FedEx Equals Quality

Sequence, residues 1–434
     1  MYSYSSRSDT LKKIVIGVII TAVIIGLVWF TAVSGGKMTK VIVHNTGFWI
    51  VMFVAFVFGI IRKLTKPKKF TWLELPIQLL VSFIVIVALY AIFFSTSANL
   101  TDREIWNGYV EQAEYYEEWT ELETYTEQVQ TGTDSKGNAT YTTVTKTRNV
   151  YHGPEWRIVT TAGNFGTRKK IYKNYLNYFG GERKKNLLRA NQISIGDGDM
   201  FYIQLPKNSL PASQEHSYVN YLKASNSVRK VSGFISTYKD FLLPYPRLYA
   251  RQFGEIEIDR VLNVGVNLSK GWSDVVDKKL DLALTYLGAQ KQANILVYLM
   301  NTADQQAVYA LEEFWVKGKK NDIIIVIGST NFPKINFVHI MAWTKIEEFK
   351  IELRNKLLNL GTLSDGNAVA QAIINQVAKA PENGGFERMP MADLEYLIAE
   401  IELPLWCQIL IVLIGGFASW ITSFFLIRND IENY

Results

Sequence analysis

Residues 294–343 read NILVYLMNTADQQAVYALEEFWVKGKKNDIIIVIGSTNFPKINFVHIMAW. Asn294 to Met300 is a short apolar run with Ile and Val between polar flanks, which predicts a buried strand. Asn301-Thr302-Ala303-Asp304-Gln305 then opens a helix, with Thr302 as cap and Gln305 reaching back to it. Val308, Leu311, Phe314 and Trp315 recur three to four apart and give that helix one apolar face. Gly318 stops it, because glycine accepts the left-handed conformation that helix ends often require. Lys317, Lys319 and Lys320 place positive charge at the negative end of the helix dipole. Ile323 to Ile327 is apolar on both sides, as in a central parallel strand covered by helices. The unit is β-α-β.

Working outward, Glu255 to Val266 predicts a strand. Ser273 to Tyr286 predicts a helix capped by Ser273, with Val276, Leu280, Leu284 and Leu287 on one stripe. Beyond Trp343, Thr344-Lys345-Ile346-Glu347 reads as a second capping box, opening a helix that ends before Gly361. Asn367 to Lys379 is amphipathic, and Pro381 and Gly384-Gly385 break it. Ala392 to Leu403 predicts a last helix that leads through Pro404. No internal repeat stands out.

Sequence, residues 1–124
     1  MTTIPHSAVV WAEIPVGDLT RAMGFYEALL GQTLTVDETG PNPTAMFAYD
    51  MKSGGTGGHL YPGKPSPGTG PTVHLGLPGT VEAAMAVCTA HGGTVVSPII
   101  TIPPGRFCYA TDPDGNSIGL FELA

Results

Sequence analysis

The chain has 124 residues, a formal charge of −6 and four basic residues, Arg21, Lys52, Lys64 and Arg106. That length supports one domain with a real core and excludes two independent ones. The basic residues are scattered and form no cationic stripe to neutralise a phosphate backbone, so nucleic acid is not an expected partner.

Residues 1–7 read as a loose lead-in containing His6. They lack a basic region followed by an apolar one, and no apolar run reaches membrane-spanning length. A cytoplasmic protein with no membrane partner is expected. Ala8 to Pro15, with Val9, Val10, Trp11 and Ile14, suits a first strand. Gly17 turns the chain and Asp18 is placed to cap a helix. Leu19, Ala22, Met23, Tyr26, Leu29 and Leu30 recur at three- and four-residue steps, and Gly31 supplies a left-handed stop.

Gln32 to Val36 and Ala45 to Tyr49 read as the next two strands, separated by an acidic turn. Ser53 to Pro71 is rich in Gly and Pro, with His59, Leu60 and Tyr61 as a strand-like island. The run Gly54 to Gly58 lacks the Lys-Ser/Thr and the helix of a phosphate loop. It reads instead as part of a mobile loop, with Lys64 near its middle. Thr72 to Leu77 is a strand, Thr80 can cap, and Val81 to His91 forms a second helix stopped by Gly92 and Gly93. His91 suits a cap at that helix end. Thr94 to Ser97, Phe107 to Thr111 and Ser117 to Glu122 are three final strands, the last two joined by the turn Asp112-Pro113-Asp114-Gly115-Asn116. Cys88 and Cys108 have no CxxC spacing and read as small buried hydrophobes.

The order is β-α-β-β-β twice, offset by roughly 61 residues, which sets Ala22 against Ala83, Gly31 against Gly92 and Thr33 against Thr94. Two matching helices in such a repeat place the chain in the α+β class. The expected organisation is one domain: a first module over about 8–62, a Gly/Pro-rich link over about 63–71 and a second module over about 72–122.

FedEx was incorporated in June 1971 and officially began operations on April 17, 1973. Conceived by Chairmen and Chief Executive Officer Fredrick W. Smith, a man that would soon expand the small 14 aircraft fleet he started with into a $29 billion network of companies with 652 aircraft, 69,000 vans and trucks, and over 250,000 employees. FedEx did not become the largest shipping company by chance, they did it by focusing on their customers needs and making quality in their services a top priority. FedEx uses many different systems to maintain, monitor, or improve quality. The main quality control system is called (TQM) Total Quality management. This TQM system incorporates programs such as a formal Quality Improvement Process (QIP). The philosophy of the QIP program is that quality must be a way that FedEx does business not part of the time, but all of the time. As a result sayings such as "Do it right the first time", "Make the first time you do it the only time anyone has to", and "Q=P" (quality = productivity) are important parts of the FedEx culture. To maintain these mottos the company teaches all of its employees the 1-10-100 rule. According to the rule, if a problem is caught and fixed as soon as it occurs, it costs a certain amount of time and money to correct. If a mistake is caught later in a different location, it may cost 10 times that much to repair. And if a mistake is caught by a customer such as receiving a wrong package that perhaps got mixed up during the shipping process it may cost up to 100 times as much to fix. FedEx also utilizes quality action teams (QAT) and (IT) information technologies to continuously improve FedEx's quality. QATs design work processes to support new product and service offerings. A set of service quality indicators (SQI) has been established to determine the main areas of customers' perception of service. All of this data is processed through SQI teams and information technologies such as...
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